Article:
For meatloaf lovers, I am about to be blasphemous. I think many meatloaf recipes are disgusting - especially those with the sugar-ketchup crust on top. This meatloaf recipe isn't like that. I can make it with ground beef and lamb from my farm, plus bleu cheese I made, spinach I grew, bread crumbs from old homemade bread, an Italian blend of dried herbs that I grew, and eggs from my hens.
Or, I can just buy all of the ingredients and it's easier while still being delicious.
This is one of my Sunday meals, so I try to do as much of the work the day before. I like to serve this with Armenian flatbread (using my bread maker set on the dough cycle), a garlic vegetable sauté (vegs chopped the day before), and a dessert (possum pie made the day before). I also opt to cook this one in muffin tins, but it can be baked in a traditional loaf pan with the length of time increased. I like to use meatloaf pans so that any fat drains out from the loaf.
"How can you stand to eat your pets!?"
I'm sure most people have asked that or been told that depending on which part they play: the meat raiser or the supermarket consumer. Let me just take a moment to explain one thing - eating my "pets" is actually nicer than eating feedlot beef. My animals are loved, handled gently, and allowed to behave like animals should. They eat healthy food, sunbathe, scratch on trees, and enjoy their lives. They are raised by their moms and kept in herds of their friends. When they are "taken down the road," they have no idea what is happening. They are not hurt first or scared or kept in crowded dirty pen or feed lots. Lights on, lights off. I don't think all animals are afforded the same courtesy, especially poultry, and I think that part is the shame.
This does tie in to naming livestock. Livestock are not the same as pets ... not always. Pets are companions and often work on the farm, too. Livestock are producers (or should be). We name all the livestock we plan to keep for longer than meat. Honestly, a lot of the calves end up with nicknames even though they are destined for the freezer - there is Hamburgler, Big Red, Little Red, Chocolate. We've heard of naming them Meatloaf, Chuck, Fillet Mignon (we didn't eat her but sold her - too cute), etc. Our other animals have names that, for the most part, we remember and use when we handle them, and we have a method to this madness.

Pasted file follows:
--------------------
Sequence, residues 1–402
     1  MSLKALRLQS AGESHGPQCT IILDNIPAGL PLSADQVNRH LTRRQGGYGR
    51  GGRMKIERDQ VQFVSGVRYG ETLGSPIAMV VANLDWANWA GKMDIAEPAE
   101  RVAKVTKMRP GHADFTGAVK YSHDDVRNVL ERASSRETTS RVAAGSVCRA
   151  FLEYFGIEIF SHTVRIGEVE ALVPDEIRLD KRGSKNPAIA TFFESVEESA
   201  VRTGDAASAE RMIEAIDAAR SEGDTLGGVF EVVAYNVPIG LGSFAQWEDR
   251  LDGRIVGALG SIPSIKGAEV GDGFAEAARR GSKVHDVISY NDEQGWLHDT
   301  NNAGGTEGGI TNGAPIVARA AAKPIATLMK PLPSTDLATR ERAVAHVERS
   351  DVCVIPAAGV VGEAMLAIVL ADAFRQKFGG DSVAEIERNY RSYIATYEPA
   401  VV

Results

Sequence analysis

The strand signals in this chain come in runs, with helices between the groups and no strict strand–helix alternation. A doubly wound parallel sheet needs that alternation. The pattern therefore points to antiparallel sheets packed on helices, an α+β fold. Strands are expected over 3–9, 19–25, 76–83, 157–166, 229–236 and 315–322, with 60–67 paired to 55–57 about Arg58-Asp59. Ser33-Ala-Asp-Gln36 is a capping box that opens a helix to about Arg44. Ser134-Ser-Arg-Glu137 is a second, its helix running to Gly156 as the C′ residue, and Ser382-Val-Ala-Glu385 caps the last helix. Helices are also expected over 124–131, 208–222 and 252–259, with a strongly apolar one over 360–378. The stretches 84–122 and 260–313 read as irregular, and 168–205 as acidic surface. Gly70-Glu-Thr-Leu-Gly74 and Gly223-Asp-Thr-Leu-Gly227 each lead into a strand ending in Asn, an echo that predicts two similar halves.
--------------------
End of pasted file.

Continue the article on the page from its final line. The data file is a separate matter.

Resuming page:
I have had many people ask me about getting a dairy animal - cow, sheep, or goats - for family use or homesteading. I have homesteaded some with dairy animals and think it is definitely a viable consideration on a small scale. From my experience, you need to consider time demands for milking and animal care, annual breeding, feeding, shelter, and handling soiled bedding and manure. This is just a basic introduction - things I usually try to share in the first conversation with those seriously asking.
We keep of herd of Oberhasli goats - both purebred and a few that are a mix. We've had Nubians before and like their long ears, Roman noses, and endless color variations (especially the spots), but prefer the gentler and quieter nature of the Oberhasli in our situation. They are one of the more uncommon breeds, but usually not hard to find.
Oberhasli, also know as Swiss Alpine, is descended from a breed in central Switzerland. They are brown bay - red-brown with black trim, which is called chamoisee. There is also a recessive gene for black among the American Oberhaslis. To preserve the breed's traditional color, only black does can be registered. We have had black purebred kids from our gene mix and it's a fun addition.
Oberhaslis can be registered whether they are polled or disbudded, meaning they would grown horns if allowed but the horns are destroyed before they grow. We breed for health, milk production, easy kidding, and good mothering. Some fun variations within those goals include some black and polled goats.
Wife to Brandon, mother to Tess and Liam, farmer, entrepreneur, cook & baker, nurse, and accountant who loves to try new things, travel, and work toward greater self-reliance.